Just 3 small windows for natural light, and 3 small candles.
I’ve figured out a very simple formula.
Less stress = less stress eating.
Hot yoga is one of the paths I have chosen to get there.
As I walk in, it feels just plain HOT! It’s the same 95 degrees and the same series of poses, but every time, you experience it differently, the instructor explains.
Her instructions are simple. For the next 90 minutes, when thoughts come into your mind, just pretend you are on vacation and you don’t have to think about it right now.
The purpose of yoga is to quiet the mind. And since the mind needs something to do, you can just focus on your breath.
In hot yoga, the heat is a tool to increase flexibility. As the class begins, our instructor, Nancy, gives one additional suggestion: “Choose what to skip today.”
What a concept! You don’t actually have to DO everything you CAN do. It’s like she instinctively knows that we are all addicted to struggle, and while you can substitute one struggle for another, few of us have mastered ease and flow all the time.
Early on in the class, I think to myself “this isn’t so bad. I’m barely sweating.” But midway through the first hour, I am dripping wet. The men in the class get there quicker, but no one escapes the heat. It radiates through the darkish room.
That’s when Nancy’s subtle humor is so highly appreciated, and seems to come at the perfect instant. It eases any tension, and the stress of managing in the heat.
During chair pose, for instance, she’s decided that smiling is mandatory. “Raise your arms to celebrate.”
On other poses, “smiling is optional,” she says with a twinkle, or “if you need excitement, raise your heel.”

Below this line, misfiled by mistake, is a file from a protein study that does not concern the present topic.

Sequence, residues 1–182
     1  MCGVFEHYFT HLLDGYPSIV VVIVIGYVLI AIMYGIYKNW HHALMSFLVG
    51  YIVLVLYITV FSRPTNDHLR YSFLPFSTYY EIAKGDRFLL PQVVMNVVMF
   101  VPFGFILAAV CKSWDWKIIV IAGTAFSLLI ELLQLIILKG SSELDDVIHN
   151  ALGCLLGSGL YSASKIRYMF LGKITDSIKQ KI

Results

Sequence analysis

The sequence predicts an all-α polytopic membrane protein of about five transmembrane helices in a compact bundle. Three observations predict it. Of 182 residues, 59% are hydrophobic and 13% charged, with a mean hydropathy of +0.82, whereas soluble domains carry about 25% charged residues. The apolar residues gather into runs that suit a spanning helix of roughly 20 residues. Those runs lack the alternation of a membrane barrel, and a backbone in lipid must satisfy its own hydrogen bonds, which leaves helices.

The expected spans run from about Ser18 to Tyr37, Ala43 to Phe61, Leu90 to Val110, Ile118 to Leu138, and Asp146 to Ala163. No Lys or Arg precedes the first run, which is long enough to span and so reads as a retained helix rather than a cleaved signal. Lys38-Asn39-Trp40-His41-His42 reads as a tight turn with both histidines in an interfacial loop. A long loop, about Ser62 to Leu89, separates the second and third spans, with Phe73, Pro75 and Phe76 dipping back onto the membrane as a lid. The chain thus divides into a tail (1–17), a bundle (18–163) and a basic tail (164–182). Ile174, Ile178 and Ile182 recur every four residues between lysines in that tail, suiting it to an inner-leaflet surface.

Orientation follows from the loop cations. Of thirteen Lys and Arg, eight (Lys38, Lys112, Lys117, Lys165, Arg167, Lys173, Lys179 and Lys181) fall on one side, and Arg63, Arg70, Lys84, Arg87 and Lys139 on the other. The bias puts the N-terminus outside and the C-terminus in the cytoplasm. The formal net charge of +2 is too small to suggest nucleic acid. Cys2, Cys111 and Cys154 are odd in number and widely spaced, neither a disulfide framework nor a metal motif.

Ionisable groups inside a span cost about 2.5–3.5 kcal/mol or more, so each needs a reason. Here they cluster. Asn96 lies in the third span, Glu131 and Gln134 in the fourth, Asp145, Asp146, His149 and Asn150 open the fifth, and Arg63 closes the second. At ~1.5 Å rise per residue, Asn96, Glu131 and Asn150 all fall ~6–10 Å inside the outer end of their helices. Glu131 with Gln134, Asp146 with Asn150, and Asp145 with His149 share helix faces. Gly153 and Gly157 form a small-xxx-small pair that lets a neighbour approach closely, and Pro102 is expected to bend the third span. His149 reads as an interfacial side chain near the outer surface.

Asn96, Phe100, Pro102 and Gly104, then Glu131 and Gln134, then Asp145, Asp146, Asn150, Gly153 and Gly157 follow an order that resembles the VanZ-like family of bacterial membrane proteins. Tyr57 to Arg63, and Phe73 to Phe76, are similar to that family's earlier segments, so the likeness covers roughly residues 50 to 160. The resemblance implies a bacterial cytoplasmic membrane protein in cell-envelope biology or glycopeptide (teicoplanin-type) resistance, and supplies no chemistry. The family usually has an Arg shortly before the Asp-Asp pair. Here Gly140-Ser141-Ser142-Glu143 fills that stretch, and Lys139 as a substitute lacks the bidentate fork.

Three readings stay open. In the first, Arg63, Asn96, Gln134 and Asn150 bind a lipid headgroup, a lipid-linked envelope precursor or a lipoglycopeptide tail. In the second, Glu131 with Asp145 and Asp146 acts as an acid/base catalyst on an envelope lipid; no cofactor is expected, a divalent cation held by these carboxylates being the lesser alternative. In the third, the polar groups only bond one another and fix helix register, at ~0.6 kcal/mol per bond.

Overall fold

When I asked to take her picture in chair pose, she said she wasn’t sure if she could smile in the same way that she does when she is torturing us 🙂
But my favorite of her phrases comes when we are in the poses. It’s a simple reminder that “there’s nothing to do now.”
She repeats it several times “there’s nothing to do . . . there’s nothing to do . . . except breathe.”
Funny, my dog seems to have the art of “doing nothing” down to a science.
She uses every imaginable position, some of them resembling yoga postures.
We human beings all know that once we leave that room, we’ll shift quickly back into “doing” mode. But just for this moment . . . we don’t have to think about it. The mind is quiet.
Class is over, and the humid darkness of the studio yields to the most perfect 77 degree day. As I walk to my car, I swear I’m a couple inches taller.
If there’s good stress and bad stress, I suppose this is in the “good” category, the kind that challenges you and makes you stronger.
I guess I could get addicted to hot yoga as easily as I could to stress eating, shopping or my to-do list. But these compulsions never bring me peace.
For right now, I think I’ll just rest in the fact that there’s something more to life than the endless struggle to get more done. Part of me feels like I can take on the world, but I guess I won’t. Too busy enjoying the moment.
Latest posts by Carol Solomon (see all)
- 7 Reasons Why Dieters Give Up (And How YOU Can Make It Happen This Year) - January 1, 1970
- 3 Strategies To Handle Holiday Parties - January 1, 1970
- How To Stop Eating Junk Food - January 1, 1970